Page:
The Teton Crest Trail is, step for step, unquestionably one of the most gorgeous mountain walks in America, a true classic offering all the elements of an unforgettable backpacking trip: views of the incomparable skyline of the Tetons and deep, cliff-flanked, glacier-scoured canyons; wonderful campsites, wildflowers, mountain lakes and creeks; and a good chance of seeing moose, elk, marmots, pikas, mule deer, and black bears. I fell in love with the Tetons on my first visit, more than 20 years ago, and I’ve returned more than 20 times since to backpack, rock climb, dayhike, bag most of the major summits, canoe, and backcountry ski. I never grow tired of the sight of these peaks.
See my stories “A Wonderful Obsession: Backpacking the Teton Crest Trail” and “American Classic: Backpacking the Teton Crest Trail” and all of my stories about the Teton Crest Trail at The Big Outside.
Click here now to get my e-guide “The Complete Guide to Backpacking the Teton Crest Trail” and see this menu of all of my e-guides.
If hearing the JMT described as “America’s Most Beautiful Trail”—as it often is—seems to you like a hyperbolic claim, then you really must go see for yourself. For mile after jaw-dropping mile, you walk below incisor peaks of clean granite, past more waterfalls than anyone could name in a thousand lifetimes, along pristine wilderness lakes nestled in rocky basins, and over passes topping 12,000 and 13,000 feet with views that stretch a hundred miles. Whether or not you agree with that nickname “America’s Most Beautiful Trail,” it will be one of the most wonderful research projects you’ve ever done.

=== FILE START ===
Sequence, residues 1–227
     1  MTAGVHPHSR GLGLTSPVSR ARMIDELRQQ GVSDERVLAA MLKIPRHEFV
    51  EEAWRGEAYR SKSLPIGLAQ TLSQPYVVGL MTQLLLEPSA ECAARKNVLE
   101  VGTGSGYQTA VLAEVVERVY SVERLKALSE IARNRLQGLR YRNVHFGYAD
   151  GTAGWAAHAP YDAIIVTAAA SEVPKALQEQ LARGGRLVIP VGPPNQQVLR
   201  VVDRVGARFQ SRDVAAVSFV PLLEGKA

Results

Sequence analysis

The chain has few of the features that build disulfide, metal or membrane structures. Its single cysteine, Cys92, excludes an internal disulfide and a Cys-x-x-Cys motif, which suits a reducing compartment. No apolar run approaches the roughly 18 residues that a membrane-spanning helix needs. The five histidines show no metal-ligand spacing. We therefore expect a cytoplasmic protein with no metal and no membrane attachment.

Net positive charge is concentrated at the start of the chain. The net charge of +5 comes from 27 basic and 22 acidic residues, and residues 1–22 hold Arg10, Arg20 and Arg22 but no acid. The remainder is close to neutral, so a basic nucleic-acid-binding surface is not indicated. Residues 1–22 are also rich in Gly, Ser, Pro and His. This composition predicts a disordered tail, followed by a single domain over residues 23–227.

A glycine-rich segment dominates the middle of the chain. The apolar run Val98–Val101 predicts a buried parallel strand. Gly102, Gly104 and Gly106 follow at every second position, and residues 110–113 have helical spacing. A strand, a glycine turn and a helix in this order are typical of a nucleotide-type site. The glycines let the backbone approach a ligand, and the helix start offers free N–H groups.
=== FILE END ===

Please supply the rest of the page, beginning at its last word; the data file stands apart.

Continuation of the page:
Want my help planning your hike on the Teton Crest Trail, JMT, or another trip? Click here now for expert advice you won’t get elsewhere.
One of the most prized trekking destinations in the world, Torres del Paine National Park is a place of severely vertical stone monoliths thousands of feet tall, and some of the world’s largest glaciers pouring into emerald lakes. Of twisted lenga trees, raging whitewater rivers, and the most relentless winds you’ve ever encountered. Patagonia is a dream destination for backpackers all over the world. Read this story to learn how to do Patagonia right.
See my story “Patagonian Classic: Trekking Torres del Paine.”
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Know this before you go to the Grand Canyon: This place will steal your heart. That has been my experience from numerous trips over the years, from rim-to-rim-to-rim dayhikes to multi-day hikes on some of the canyon’s most remote and rugged paths. Now, every return visit just fuels my hunger to go back yet again to explore another corner I haven’t seen yet.